"My wife and I have been passionate about education being a gateway for upward mobility and equality," Long told The Associated Press. "I think we can all agree that equity in education can help affect change that we all want to see in this country."

Long signed a two-year, $4.5 million contract with the Eagles, including a $500,000 signing bonus and $1.5 million guaranteed. His base salary in 2017 is $1 million.

The charitable initiative encourages people to make donations to improve equal education opportunities. Long began his career in St. Louis in 2008 and played for the Super Bowl champion New England Patriots last season. Long's foundation has selected four organizations whose missions focus on making education easily accessible to underserved youth while also providing students the support they need to develop strong social and emotional character.

The four organizations are based in the three communities in which Long has played during his NFL career. The city that raises the most money during the season will receive an additional $50,000 donation.

"There's a lot of opportunities to help out and they're wonderful organizations," Long said. "We have such a great platform as football players and hopefully fans get behind it."

Long grew up in Charlottesville and starred in high school at St. Anne's-Belfield before going to the University of Virginia. He was moved to start the scholarship program following the violent protests in Charlottesville in August.

"Our hometown is a wonderful place and I feel like people got the wrong idea about what the residents of Charlottesville are all about," he said.

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Gronkowski advises Hayward to treat rehab like anything else -- dominate

Gronkowski advises Hayward to treat rehab like anything else -- dominate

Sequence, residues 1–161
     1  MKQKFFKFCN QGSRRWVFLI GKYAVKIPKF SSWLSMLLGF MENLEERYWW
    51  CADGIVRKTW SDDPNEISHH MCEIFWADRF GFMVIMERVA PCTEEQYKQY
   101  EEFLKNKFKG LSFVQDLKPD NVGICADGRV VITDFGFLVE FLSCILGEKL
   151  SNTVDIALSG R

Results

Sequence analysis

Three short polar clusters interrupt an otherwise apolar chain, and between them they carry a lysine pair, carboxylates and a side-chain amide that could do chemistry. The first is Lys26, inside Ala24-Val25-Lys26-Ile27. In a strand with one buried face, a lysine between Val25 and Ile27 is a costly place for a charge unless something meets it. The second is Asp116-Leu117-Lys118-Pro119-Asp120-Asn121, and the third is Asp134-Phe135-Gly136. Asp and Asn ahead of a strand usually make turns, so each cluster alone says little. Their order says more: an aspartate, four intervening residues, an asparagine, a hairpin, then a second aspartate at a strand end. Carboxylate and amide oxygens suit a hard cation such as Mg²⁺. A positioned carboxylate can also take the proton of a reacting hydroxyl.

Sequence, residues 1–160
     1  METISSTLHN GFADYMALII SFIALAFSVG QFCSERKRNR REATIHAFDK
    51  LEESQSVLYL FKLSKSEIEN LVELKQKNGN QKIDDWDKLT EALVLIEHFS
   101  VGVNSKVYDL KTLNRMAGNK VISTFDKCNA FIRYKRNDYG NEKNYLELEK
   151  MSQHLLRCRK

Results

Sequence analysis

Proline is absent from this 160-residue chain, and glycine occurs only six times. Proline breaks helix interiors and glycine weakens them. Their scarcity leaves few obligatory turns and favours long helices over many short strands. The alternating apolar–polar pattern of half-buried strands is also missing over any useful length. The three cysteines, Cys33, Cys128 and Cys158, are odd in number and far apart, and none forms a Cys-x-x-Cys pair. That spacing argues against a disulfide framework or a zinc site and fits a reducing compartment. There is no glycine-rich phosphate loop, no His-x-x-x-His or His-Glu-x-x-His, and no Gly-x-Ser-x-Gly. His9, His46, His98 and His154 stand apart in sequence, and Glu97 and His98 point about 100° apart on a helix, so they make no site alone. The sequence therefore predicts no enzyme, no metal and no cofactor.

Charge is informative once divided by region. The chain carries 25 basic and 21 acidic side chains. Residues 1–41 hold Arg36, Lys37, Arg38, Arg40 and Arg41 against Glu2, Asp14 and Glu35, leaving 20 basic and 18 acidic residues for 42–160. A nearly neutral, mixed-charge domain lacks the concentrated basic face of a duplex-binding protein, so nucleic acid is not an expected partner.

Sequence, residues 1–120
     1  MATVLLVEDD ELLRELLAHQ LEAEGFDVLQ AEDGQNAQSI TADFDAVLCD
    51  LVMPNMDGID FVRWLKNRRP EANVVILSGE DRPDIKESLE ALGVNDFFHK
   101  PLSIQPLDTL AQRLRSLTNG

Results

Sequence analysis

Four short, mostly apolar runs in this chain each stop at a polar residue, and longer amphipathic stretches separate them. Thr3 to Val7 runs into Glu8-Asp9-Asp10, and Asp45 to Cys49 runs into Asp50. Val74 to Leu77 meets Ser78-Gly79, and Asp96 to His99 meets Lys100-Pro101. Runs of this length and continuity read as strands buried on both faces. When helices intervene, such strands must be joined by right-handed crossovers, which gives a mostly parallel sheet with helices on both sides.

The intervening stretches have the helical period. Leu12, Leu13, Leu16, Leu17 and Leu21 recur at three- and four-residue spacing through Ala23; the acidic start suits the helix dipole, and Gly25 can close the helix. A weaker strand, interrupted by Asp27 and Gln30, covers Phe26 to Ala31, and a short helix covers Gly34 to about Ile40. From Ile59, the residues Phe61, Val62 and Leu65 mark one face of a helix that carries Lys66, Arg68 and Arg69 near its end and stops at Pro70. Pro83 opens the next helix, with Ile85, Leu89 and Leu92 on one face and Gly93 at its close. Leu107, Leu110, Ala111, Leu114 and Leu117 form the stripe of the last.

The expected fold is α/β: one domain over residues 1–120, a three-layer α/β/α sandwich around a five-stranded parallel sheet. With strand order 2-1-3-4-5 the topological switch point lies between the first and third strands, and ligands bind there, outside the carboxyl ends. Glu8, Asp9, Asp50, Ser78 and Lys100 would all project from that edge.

FOXBORO -- Rob Gronkowski's never suffered a break like the one Gordon Hayward did on Tuesday night, but he has been through enough to know what lies ahead as the Celtics forward stares at a lengthy recovery period.

"I saw it. I mean, I wish him nothing but wellness," Gronkowski said on Wednesday. "Hopefully he heals ASAP. You never want to see that with a player in any sport. When my friend showed me that last night, you get that feeling in your body, like, your heart drops. I wish him well.

"I can't wait to see him back. I know he's going to bounce back. Being here in Boston, he's going to be a hard worker it feels like. I can't wait to see him back."

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Multiple back surgeries, a plate in his arm, a surgically-repaired ACL . . . Gronkowski has put in his share of rehabilitation work. Asked if he'd give Hayward any advice as he embarks on his road back to normalcy, Gronkowski's message was simple.

"Just go into rehab just like you go into anything else. Dominate it," Gronkowski said. "Come back when you feel ready. Come back when you're 100 percent . . . He wouldn't be where he is now if he wasn't a hard worker. I don't know the guy. Never met him. But it's not something you want to see as an athlete happen to anyone else."

Gronkowski acknowledged that in his experience, one of the biggest hurdles following an injury like that is the mental one. You quickly go from being a powerful athlete to a patient in need of help with even the smallest of tasks. 

"There is a big mental challenge, definitely, with that," Gronkowski explained. "It's not just not being able to be with your teammates and all that. It's outside of football, too. Because it takes away your whole life, going out like that . . . You can't do anything. You can't walk. You gotta have people do [things for you]. You get really frustrated. You just want the people around you to help you out and keep you in the best mindset throughout the whole process."